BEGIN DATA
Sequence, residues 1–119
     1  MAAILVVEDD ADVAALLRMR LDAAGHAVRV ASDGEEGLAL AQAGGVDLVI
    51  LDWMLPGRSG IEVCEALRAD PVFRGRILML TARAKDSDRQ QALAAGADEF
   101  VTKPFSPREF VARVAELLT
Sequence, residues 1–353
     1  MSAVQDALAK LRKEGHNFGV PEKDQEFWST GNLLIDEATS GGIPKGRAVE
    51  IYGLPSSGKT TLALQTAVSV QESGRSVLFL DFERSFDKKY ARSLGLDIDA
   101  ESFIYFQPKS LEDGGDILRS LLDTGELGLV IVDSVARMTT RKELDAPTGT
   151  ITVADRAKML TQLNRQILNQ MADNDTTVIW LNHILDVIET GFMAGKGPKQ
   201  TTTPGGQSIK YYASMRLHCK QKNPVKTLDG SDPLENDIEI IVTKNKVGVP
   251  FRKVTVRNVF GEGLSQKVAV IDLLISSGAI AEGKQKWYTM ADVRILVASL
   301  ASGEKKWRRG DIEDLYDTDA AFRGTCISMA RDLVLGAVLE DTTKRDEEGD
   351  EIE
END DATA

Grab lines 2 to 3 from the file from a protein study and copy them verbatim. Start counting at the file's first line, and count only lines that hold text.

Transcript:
     1  MAAILVVEDD ADVAALLRMR LDAAGHAVRV ASDGEEGLAL AQAGGVDLVI
    51  LDWMLPGRSG IEVCEALRAD PVFRGRILML TARAKDSDRQ QALAAGADEF